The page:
Wednesday, October 14, 2009

When Grocery Shopping is FUN

I have always been a bargain hunter, but lately I have REALLY gotten into couponing. There are tons of great blogs out there devoted to the cause of saving money, and I consult these blogs weekly to find the best coupons, as well as shopping lists that do the work for me of matching up sale prices to available coupons.


I think this was my best week yet. I just came home from the grocery store (Cub Foods) where I spent $63.50 for $95 worth of groceries. But, wait! That's not even the best part! (30% off retail is my goal, which I meet almost every single week.) I received $26.50 worth of catalina coupons off of my next order - that means, not coupons for specific products but coupons that take money off the total order! Awesome! So this is what I got for basically $37.00.



For perspective, this filled up 5 grocery bags, so it's more stuff than it even appears to be from the picture. Now my pantry is full, so I expect to spend about $20 a week for the next 3-4 weeks. Thank goodness, because we're going to be plopping down $2000 tomorrow on carpet.


Monday, October 12, 2009

Still Trucking Along

Time for a brief check-in....I'm alive, still just overwhelmed with life. Which means, I've had to mostly eliminate a few things from my life - sleep, showering, and internet.


However! I am online today for a very good, very exciting reason. My sister called a few minutes ago to tell me that she is engaged! I couldn't be more happy for her. My future brother-in-law M is a great guy and I'm so happy to be adding him to the family. I immediately logged on to my Facebook account to tell him so, and it so happened that my cousin (who happens to be one of M's best friends) was online, and we spent a few minutes chatting about the happy news.

Isn't the internet grand? It makes the world seem so small.

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I don't think I've posted since before Natalie's birthday, which has been almost a month ago already. She's now 2 going on 20. One minute she will be carrying on a mature conversation with me about death ("The baby toad died. I squished him. That was so sad." Trust me, you probably don't want to hear that story. I still get queasy when I think of it.)

And the next minute, she is throwing a tantrum because I chose the WRONG shirt out of her closet.


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And now, I hear SpongeBob SquarePants coming to an end out in the living room, which means the end of my time on the internet. Once I get my life straightened out, hopefully within the next month, I will start posting more again.

Thursday, September 3, 2009

Nothing About Nothing, Really

The kids and I went to the State Fair earlier this week, which is always a lot of fun. Except when it's not.

Probably due to this summer's much-cooler-than-average temperatures, there has been a huge turnout at the Fair this year. Even more so than usual, and it always is a zoo. By about noon, I'd had it with the crowds.

And then it got worse. I took the kids into the bathroom and, because there were no stalls big enough to accommodate a stroller, I pulled my wallet out of the bottom compartment and brought it into the stall with the kids and me. About five minutes later, I realized I'd forgotten it there.
In a panic, I went back into the bathroom and that stall was occupied. I waited, and waited, and waited some more for the occupants to come out (I could see two pairs of shoes under the door). In my mind, I debated - do I yell over the top, "Hey, do you see a wallet in there?" but I didn't want to bring any attention to it if it hadn't already been noticed. When the mom and daughter finally came out of the stall, I was disappointed but not surprised to see that my wallet wasn't there anymore.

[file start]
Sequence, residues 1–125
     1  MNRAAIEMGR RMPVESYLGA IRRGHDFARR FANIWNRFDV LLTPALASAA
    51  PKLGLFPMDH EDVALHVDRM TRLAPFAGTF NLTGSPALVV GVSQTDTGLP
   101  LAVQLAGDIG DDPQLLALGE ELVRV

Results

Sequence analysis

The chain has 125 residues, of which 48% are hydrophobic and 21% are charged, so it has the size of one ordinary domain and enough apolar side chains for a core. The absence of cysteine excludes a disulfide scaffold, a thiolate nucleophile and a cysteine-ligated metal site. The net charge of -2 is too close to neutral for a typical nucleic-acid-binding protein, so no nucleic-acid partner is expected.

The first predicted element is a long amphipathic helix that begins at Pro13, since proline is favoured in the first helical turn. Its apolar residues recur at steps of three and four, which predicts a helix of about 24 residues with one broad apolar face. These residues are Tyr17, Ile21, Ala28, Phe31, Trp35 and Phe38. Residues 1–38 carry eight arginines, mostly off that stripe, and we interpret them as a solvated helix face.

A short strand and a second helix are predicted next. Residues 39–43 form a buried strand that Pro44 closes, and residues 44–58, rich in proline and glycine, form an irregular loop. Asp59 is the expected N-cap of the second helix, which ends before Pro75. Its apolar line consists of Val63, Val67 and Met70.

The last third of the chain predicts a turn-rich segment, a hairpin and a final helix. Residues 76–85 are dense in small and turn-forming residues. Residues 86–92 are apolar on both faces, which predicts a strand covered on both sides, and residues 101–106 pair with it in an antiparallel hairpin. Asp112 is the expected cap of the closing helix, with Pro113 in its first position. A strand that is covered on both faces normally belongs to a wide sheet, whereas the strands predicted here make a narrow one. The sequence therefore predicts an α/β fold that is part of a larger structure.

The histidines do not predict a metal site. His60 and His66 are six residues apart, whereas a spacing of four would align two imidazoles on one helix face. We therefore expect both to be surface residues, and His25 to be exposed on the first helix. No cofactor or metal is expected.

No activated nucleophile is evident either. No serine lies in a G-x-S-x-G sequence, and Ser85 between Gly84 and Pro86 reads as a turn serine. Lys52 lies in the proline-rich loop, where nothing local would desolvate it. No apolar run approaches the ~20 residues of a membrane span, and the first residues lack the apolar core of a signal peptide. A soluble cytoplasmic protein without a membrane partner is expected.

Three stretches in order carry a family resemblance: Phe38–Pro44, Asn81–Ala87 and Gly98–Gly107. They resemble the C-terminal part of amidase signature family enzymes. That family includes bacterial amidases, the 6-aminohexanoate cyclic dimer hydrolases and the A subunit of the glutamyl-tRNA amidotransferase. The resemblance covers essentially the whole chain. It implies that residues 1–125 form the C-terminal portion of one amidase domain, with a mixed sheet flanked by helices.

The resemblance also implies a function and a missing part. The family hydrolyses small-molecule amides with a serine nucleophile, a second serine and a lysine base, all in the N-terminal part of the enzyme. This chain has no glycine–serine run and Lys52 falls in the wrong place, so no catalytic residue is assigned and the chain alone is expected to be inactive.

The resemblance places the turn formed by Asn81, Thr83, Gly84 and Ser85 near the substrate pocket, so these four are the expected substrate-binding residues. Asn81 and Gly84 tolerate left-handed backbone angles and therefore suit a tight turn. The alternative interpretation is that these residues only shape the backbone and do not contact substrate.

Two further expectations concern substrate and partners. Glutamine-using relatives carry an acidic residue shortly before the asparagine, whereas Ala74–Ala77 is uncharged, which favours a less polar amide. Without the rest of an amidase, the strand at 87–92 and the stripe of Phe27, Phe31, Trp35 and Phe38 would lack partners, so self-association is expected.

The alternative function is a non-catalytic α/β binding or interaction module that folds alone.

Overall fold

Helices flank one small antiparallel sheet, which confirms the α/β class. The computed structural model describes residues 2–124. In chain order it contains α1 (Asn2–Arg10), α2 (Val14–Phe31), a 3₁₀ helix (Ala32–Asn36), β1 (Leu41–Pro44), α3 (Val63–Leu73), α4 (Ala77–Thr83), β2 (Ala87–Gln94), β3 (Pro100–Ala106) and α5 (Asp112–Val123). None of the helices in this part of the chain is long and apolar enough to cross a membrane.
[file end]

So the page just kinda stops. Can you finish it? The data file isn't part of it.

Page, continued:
After about fifteen more panicked minutes, I located the Lost and Found and was thrilled to discover my wallet had been turned in. The "good Samaritan" had taken a $20 finder's fee, but other than that, everything was there. I was incredibly lucky, and I am still hyperventilating at the thought of all the money and time it would have taken to replace its contents, including my bus pass, driver's license, a credit card and a debit card, and all of the ride tickets I'd pre-purchased for the kids.

The other craziness in my life at the moment revolves around our rental duplex. One of our long-time tenants just moved out, and we've been crazy busy trying to replace carpeting, paint walls, and all the other maintenance-type things that go along with making a house renter-ready. Not to mention, fielding all the phone calls from prospective tenants. One couple was ready to sign the lease - and then they backed out of the deal. Sigh and start over from square one, putting the ad back in the paper and digging out the "For Rent" sign again. I will be really glad to be
done with this. As if I have all this spare time to spend cleaning a SECOND house.

You meet some interesting characters when you have an apartment for rent, though. The last time we had to do this, in 2006, we had the Beverly Hillbillies themselves drive up in their rusty, primer-colored pickup truck to take a look at the place. Four people piled out of the short cab pickup, like clowns out of a clown car. When the wife smiled and showed me her teeth (all two of them), I started looking around to see where the cameras were, because surely I was being punk'd. They showed an unnatural interest in the furnace, which alarmed me. A furnace is a furnace, right? Needless to say, we didn't rent to them. We found out a month later that they had